Lundquist v. Coca Cola Bottling Inc.

Annotate this Case

42 Wn.2d 170 (1953)

254 P.2d 488

ROBERT LUNDQUIST, Respondent, v. COCA COLA BOTTLING INCORPORATED, Appellant.[1]

No. 32259.

The Supreme Court of Washington, Department One.

March 5, 1953.

George H. Bovingdon, for appellant.

Robbins & Robbins, for respondent.

MALLERY, J.

Plaintiff is a bus driver for the Seattle Transit Company. On June 2, 1951, he was twenty-five years of age, and in good health. He slept well, had a good appetite, and was never troubled with nausea.

On the day in question, plaintiff reported for work at the Seattle bus terminal, and went into the room provided for bus drivers, which contained a ping-pong table, a pool *171 table, and a Coca Cola vending machine owned and operated by defendant. He inserted a coin in the vending machine and obtained a bottle of Coca Cola. He testified:

"I opened it [the bottle of Coca Cola] and took a swallow. I walked back to the table where all the fellows were sitting around talking.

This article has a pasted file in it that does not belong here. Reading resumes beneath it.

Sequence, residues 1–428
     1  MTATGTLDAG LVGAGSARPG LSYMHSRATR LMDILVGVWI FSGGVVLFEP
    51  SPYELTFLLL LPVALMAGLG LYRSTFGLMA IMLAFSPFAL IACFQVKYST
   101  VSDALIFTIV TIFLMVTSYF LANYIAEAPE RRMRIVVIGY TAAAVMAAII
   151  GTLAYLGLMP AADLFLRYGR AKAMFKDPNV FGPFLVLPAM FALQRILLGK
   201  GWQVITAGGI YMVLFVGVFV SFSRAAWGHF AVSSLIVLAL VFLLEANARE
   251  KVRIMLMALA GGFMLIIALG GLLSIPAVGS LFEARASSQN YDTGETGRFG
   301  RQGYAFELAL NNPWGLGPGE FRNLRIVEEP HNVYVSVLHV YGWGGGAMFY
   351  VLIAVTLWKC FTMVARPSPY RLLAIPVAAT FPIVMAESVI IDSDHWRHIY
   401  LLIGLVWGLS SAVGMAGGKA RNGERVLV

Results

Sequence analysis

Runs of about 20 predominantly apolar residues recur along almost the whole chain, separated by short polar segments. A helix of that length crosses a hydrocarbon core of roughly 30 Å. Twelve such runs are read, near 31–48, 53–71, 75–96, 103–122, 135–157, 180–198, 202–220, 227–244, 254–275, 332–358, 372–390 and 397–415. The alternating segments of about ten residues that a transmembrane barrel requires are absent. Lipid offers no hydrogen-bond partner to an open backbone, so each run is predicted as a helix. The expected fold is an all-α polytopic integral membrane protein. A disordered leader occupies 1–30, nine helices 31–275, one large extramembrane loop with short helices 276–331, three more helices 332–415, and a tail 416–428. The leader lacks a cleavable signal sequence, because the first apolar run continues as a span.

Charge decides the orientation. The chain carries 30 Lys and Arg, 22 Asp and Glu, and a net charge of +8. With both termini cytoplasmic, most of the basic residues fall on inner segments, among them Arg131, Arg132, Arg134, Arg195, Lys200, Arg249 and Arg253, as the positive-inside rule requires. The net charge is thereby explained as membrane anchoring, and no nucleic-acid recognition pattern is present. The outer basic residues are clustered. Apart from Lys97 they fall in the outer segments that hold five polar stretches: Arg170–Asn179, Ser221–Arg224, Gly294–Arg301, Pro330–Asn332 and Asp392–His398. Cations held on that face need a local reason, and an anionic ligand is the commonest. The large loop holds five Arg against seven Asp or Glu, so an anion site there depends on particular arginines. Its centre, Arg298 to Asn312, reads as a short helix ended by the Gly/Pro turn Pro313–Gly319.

"I noticed a peculiar taste. I couldn't place the taste. I took another swallow, and I knew there was something wrong. I didn't know what it was.

"So, Mr. Pickett, he was sitting there on the other end of the table. I said to him, `If you don't mind drinking out of my bottle, would you take a drink?' I realized something was wrong with it, I think.

"He took a swallow of it, and made an awful face. He says, `What is it?' I said, `I don't know.'

"So, there is a drinking fountain right near the table. We dumped the rest of the beverage out down the drain. Well, there was something there. We couldn't see what it was. Just this grey matter.

"Upon holding the bottle up and looking through the bottom, you could see a body and legs there.

"I think we both just about became nauseated at the same time. I went to the men's room; so did Mr. Pickett.

"I was violently ill right there. Mr. Umbreck, our Assistant Station Master, asked me if I was too ill to work my run."